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The author's thesis is simply stated: that neoliberal economic programs have repeatedly been implemented without the consent of the governed by creating and/or taking advantage of various forms of national shock therapy. Ms. Klein asserts that in country after country, Friedman and his Chicago School followers have foisted their tripartite economic prescription - privatization, deregulation, and cutbacks in social welfare spending - on an unsuspecting populace through decidedly non-democratic means. In the early years, the primary vehicle was dictatorial military force and accompanying fear of arrest, torture, disappearance, or death. Over time, new organizations such as the IMF and the World Bank were employed instead, using or creating impossible debt burdens to force governments to accept privatization of state-owned industries and services, complete removal of trade barriers and tariffs, forced acceptance of private foreign investment, and widespread layoffs. In more recent years, terrroism and its response as well as natural disasters like hurricanes and tsunamis have wiped clean enough of the slate to impose these Friedmanite policies on people too shocked and focused on recovering to realize what was happening until it was too late.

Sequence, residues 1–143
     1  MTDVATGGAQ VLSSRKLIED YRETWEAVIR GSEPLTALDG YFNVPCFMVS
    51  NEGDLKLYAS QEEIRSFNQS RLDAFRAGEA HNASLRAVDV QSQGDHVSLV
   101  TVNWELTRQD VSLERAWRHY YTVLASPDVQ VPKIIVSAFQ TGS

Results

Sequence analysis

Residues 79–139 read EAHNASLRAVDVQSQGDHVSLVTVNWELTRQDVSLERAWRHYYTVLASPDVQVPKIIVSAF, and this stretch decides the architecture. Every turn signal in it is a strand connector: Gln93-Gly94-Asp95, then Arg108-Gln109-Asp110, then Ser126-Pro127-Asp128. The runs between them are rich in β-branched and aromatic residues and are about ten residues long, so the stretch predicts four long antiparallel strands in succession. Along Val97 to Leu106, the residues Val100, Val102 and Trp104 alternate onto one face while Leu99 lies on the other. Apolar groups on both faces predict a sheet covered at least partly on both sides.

According to Ms.Read more ›
If you wonder what happened to the middle class, why poverty is on the rise and what the economies in a democracracy, dictatorship and "communism" have in common, you'll find lots of food for thought in Naomi Klein's THE SHOCK DOCTRINE. Tracing the rise of the "Chicago Boys" laissez-faire economic beliefs, their impact on South America, China, Russia, Poland and South Africa and how it impacted their form of government, Klein makes a compelling argument for the flaws in Milton Friedman's economic science.